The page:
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Publication numberUS7136215 B1
Publication typeGrant
Application numberUS 11/131,706
Publication dateNov 14, 2006
Filing dateMay 18, 2005
Priority dateMay 18, 2005
Fee statusPaid
Also published asUS20060262378
Publication number11131706, 131706, US 7136215 B1, US 7136215B1, US-B1-7136215, US7136215 B1, US7136215B1
InventorsAkihiro Machida, Jun Amano
Original AssigneeAvago Technologies Fiber Ip (Singapore) Pte. Ltd.
Export CitationBiBTeX, EndNote, RefMan
External Links: USPTO, USPTO Assignment, Espacenet
Piezoelectrically-activated cantilevered spatial light modulator
US 7136215 B1
Abstract
A piezoelectric spatial light modulator including a substrate having an array of cavities and piezoelectric cantilevers is arranged on the substrate. Each of the piezoelectric cantilevers includes a base portion on the substrate and a beam portion extending over a respective one of the cavities. Each of the piezoelectric cantilevers further includes a first electrode, a second electrode and a piezoelectric element between the electrodes. A flexible layer covers the cavities and the piezoelectric cantilevers and reflective elements are each located on the flexible layer over a respective one of the beam portions.
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Claims(21)
1. A piezoelectric spatial light modulator, comprising:
a substrate having an array of cavities; and
piezoelectric cantilevers arranged on the substrate, each of the piezoelectric cantilevers comprising a base portion on the substrate and a beam portion extending over a respective one of the cavities, each of the piezoelectric cantilevers further comprising a first electrode, a second electrode and a piezoelectric element between the electrodes;
a flexible layer covering the cavities and the piezoelectric cantilevers; and
reflective elements, each located on the flexible layer over a respective one of the beam portions.
2. The piezoelectric spatial light modulator of claim 1, additionally comprising a transistor electrically connected to one of the electrodes of each one of the piezoelectric cantilevers.
3. The piezoelectric spatial light modulator of claim 1, in which:
the piezoelectric element is a first piezoelectric element; and
each of the piezoelectric cantilevers additionally comprises a third electrode and a second piezoelectric element between the second electrode and the third electrode.
4. The piezoelectric spatial light modulator of claim 3, additionally comprising a transistor electrically connected to one of the electrodes of each one of the piezoelectric cantilevers.
5. The piezoelectric spatial light modulator of claim 4, in which the transistor is one of a PMOS and an NMOS metal-oxide-semiconductor transistor and each comprises a source contact, a gate contact and a drain contact, the source contact connected to receive a reference voltage, the gate contact connected to receive an activation signal, and the drain contact connected to the second electrode.
6. The piezoelectric spatial light modulator of claim 3, additionally comprising a first transistor electrically connected to one of the electrodes of the first piezoelectric element in each of the piezoelectric cantilevers and a second transistor electrically connected to one of the electrodes of the second piezoelectric element in each of the piezoelectric cantilevers.
7. The piezoelectric spatial light modulator of claim 6, in which the first transistor and the second transistor are each one of a PMOS and an NMOS metal-oxide-semiconductor transistor and each comprises a source contact, a gate contact and a drain contact, the source contacts connected to receive a common reference voltage, the gate contacts connected to receive an activation signal, the drain contact of the first transistor connected to the first electrode, and the drain contact of the second transistor connected to the third electrode.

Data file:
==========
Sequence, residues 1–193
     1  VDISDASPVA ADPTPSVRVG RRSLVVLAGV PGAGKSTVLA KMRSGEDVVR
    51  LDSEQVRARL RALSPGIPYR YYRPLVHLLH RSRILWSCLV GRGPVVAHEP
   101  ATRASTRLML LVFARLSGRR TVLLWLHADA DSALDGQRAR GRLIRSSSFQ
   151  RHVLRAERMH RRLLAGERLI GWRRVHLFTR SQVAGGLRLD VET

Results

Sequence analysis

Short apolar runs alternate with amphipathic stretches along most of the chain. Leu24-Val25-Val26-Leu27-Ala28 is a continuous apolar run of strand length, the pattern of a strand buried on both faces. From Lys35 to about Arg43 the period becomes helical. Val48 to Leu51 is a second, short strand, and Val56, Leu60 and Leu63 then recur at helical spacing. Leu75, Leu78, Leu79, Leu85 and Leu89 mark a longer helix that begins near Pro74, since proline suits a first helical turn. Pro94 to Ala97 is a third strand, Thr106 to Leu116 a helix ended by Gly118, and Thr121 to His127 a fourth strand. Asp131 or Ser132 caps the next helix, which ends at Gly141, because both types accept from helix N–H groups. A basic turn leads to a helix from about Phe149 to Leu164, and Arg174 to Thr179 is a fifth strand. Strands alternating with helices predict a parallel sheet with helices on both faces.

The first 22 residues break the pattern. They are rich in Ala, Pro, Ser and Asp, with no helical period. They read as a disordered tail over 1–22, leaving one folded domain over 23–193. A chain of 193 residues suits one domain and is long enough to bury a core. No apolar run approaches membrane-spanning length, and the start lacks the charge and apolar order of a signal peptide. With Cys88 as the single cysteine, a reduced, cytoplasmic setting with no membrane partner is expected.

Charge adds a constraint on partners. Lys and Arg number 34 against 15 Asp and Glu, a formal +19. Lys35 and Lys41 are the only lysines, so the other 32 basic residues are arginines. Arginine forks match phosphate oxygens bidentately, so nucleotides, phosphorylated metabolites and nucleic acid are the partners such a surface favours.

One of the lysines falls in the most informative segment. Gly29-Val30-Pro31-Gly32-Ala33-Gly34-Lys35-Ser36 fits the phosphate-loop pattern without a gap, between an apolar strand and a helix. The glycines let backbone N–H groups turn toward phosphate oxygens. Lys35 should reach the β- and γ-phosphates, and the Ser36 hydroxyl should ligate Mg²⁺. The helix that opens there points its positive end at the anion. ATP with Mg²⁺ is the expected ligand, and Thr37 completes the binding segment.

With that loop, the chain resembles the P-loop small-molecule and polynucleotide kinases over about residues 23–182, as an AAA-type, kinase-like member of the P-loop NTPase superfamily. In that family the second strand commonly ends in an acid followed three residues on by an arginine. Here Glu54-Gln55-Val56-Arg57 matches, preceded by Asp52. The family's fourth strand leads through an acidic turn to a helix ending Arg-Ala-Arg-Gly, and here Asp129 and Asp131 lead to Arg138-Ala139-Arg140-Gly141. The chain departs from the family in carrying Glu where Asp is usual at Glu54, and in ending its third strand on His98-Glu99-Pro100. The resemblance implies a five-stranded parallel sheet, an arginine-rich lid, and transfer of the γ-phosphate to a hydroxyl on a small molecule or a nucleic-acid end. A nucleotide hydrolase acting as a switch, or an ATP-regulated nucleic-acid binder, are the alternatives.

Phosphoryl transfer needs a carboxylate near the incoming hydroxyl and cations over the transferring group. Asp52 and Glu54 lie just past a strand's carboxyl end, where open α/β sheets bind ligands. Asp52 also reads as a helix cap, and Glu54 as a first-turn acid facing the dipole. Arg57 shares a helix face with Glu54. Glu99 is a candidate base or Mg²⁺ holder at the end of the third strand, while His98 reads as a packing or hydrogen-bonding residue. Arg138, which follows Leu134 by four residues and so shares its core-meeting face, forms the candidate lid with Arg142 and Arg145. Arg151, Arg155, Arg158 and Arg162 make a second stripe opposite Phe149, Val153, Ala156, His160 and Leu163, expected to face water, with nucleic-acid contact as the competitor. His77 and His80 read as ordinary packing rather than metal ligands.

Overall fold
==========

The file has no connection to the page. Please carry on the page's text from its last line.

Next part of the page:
8. The piezoelectric spatial light modulator of claim 3, in which the first electrode, the second electrode and the third electrode comprise one of gold, silver, platinum, palladium, copper, aluminum, and alloys thereof.
9. The piezoelectric spatial light modulator of claim 1, in which the piezoelectric cantilever additionally comprises a support layer between the second electrode and the substrate.
10. The piezoelectric spatial light modulator of claim 9, in which the support layer comprises one of silicon nitride and silicon oxide.
11. The piezoelectric spatial light modulator of claim 1, in which the substrate comprises glass.
12. The piezoelectric spatial light modulator of claim 1, in which the piezoelectric element comprises one of lead zirconate titanate, lead lanthanum zirconate titanate, lead magnesium niobate-lead zirconate titanate, lead zirconate niobate-lead zirconate titanate, aluminum nitride, and zinc oxide.
13. The piezoelectric spatial light modulator of claim 1, in which the piezoelectric element comprises lead zirconate titanate with a zirconate to titanate molar ratio of about 0.4 to about 0.6.
14. The piezoelectric spatial light modulator of claim 1, in which the first electrode and the second electrode each comprise a layer of platinum and a layer of one of titanium and titanium oxide.
15. The piezoelectric spatial light modulator of claim 1, in which the flexible layer comprises polyimide.
16. The piezoelectric spatial light modulator of claim 1, in which the array of cavities is periodic.
17. The piezoelectric spatial light modulator of claim 1, in which the substrate has a first surface and a second surface opposite thereto, and the cavities extend through the substrate between the first surface and the second surface.
18. The piezoelectric spatial light modulator of claim 1, in which the substrate has a first surface and the cavities extend into the substrate from the first surface.